A few years ago, I reported on my experience installing the Tesla roof rack on my Model 3 (apparently the bolts are a bit longer now and easier to install), and shortly afterwards I tested the impact on consumption/efficiency (i.e. how much did the Wh/km change?)
A few months after that last post/video, in the spring of 2019, I received and installed a Stealth Hitch on my Model 3 (post coming “soon”). I decided to re-run the consumption test, but this time including a bike rack, a Northshore rack that I’ve been using for several years on a few different cars. Read on to find the values I use when planning out my longer road trips – because the car cannot recalibrate it’s range estimate enough to compensate for the added consumption (it tries, but it is always wrong), it is important to have these values. You can adapt these values for use with the Model Y as well – see the bottom for more.Read More »Tesla Model 3 Consumption with Roof Rack and Bike Rack
Last week we received and installed the new Tesla Model 3 Roof Rack on our car – go check out the install if you are curious. One of the comments I have been receiving and seeing online in the forums is “how does the roof rack affect your efficiency?” I decided to do a controlled test to find out!Read More »Model 3 Roof Rack Consumption Test
So what are we getting?
If you haven’t heard already from our recent 4.5 year cost update post, we are selling our fossil car, retiring the 2014 Nissan Leaf to be a city commuter, and purchasing a new long range EV.
Edit: and no, I’m not telling you which vehicle yet 🙂 Look for another blog post soon(ish). Feel free to guess by leaving a comment below!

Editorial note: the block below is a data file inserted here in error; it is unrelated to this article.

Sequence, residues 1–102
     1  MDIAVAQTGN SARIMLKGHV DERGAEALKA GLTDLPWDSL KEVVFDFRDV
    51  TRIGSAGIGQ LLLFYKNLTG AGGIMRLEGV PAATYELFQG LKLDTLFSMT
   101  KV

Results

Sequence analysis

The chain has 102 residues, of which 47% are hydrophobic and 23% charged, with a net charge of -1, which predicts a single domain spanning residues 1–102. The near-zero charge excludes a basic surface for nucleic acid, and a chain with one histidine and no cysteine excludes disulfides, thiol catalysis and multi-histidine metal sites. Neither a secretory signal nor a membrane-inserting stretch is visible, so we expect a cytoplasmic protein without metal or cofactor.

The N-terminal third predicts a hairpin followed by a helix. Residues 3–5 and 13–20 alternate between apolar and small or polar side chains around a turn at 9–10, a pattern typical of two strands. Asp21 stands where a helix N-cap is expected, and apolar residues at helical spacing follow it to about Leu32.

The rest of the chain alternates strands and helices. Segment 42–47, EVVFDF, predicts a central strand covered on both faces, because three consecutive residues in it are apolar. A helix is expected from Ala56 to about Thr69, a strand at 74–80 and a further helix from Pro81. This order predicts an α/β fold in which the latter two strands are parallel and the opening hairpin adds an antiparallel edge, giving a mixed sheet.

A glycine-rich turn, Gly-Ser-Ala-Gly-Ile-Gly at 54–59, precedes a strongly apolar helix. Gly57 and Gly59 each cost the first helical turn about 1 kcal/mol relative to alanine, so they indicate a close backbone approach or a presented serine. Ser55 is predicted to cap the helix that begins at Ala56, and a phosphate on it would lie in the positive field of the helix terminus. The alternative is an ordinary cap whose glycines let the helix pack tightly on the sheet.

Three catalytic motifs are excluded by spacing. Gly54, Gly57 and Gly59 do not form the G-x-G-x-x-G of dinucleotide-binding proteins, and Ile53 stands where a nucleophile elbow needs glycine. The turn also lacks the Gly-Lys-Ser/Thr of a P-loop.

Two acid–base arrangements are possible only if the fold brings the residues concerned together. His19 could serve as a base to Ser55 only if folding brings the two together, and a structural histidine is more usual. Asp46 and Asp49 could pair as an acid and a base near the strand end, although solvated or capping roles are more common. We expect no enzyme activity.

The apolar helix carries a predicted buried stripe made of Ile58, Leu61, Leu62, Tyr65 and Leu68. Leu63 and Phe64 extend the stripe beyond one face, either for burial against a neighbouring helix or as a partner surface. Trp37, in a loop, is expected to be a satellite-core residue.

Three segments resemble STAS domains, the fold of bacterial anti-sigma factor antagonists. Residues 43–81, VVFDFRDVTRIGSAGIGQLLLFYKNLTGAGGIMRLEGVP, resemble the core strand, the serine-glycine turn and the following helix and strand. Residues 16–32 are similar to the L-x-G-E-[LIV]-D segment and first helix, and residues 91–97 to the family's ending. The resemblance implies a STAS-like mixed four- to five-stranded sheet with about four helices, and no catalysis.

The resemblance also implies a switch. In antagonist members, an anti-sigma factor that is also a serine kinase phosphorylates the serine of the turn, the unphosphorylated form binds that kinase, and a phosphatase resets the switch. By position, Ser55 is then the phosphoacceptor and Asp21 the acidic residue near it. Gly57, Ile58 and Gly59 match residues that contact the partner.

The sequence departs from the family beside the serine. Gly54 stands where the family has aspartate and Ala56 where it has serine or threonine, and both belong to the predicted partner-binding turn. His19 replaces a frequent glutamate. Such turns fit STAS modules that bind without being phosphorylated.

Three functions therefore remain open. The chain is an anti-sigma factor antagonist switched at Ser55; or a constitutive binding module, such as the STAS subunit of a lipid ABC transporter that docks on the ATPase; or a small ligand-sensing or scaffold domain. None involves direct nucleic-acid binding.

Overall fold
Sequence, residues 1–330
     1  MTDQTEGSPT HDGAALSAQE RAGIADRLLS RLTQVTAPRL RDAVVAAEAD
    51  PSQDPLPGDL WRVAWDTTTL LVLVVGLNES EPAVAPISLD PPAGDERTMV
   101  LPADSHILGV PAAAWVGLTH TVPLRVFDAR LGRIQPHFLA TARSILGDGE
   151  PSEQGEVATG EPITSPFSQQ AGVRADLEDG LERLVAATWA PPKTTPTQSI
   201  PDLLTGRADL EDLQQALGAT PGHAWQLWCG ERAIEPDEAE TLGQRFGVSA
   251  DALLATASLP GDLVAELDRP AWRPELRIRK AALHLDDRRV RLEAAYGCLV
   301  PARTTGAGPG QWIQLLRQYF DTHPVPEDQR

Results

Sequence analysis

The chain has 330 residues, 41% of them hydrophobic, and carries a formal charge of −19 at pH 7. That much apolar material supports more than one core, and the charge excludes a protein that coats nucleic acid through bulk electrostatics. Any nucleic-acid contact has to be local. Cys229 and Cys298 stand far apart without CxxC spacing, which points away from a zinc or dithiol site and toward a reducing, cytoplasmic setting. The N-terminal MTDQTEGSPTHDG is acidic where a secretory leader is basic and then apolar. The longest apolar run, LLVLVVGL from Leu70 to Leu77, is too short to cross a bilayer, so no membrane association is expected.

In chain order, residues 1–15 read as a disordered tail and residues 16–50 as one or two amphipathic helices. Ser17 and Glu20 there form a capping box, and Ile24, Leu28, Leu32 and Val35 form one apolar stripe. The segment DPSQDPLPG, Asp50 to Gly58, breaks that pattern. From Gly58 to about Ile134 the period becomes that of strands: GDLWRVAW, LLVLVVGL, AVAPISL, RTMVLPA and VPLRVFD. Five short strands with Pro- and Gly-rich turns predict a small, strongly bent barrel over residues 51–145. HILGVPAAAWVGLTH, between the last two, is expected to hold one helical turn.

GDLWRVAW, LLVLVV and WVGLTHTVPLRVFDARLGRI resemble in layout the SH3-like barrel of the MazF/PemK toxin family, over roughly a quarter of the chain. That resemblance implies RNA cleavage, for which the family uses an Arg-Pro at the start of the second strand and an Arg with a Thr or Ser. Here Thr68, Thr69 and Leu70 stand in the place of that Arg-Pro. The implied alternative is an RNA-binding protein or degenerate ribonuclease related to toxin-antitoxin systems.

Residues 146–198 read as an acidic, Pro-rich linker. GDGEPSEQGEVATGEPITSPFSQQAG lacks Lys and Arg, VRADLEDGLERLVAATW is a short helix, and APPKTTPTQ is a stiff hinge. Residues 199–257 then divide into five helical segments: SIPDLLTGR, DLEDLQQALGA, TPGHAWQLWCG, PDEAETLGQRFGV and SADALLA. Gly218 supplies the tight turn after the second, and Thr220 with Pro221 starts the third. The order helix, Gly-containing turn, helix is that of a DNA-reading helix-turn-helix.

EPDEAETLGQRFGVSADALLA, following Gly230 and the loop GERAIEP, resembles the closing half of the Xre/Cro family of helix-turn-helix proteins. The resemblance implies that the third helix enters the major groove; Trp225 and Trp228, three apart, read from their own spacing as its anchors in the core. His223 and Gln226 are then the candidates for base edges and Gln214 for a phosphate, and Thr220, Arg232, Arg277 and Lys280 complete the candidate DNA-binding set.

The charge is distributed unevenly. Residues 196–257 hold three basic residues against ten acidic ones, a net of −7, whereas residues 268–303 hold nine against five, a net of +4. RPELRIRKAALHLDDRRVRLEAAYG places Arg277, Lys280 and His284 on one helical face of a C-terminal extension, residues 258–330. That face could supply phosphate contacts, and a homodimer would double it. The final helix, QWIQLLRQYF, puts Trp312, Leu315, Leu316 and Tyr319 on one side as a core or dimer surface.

Welcome to another edition where we show all of the costs for our 2014 Nissan Leaf SL electric vehicle (EV) to-date, which is 4.5 years now. This post is one in a series, the rest of which can be found at Cost Info Posts. Note that all costs are in $CDN.
First off, the usual detailed 6 month interval update, then a look at the forecast costs for the Leaf into the future (this edition with new charts), and lastly a surprise!
If you find this information of value, please consider a small donation via Patreon. Cheers!
Year 4 of ownership has now passed by in my 2014 Nissan Leaf SL electric vehicle (EV). This post is one in a series, the rest of which can be found at Cost Info Posts. Note that all costs are in $CDN.
I’ve included a summary of costs over the 4 years. Further down you will find my usual detailed 6 month interval update, and below that any tidbits of news or information I found interesting from roughly the fall of 2017 to the spring of 2018.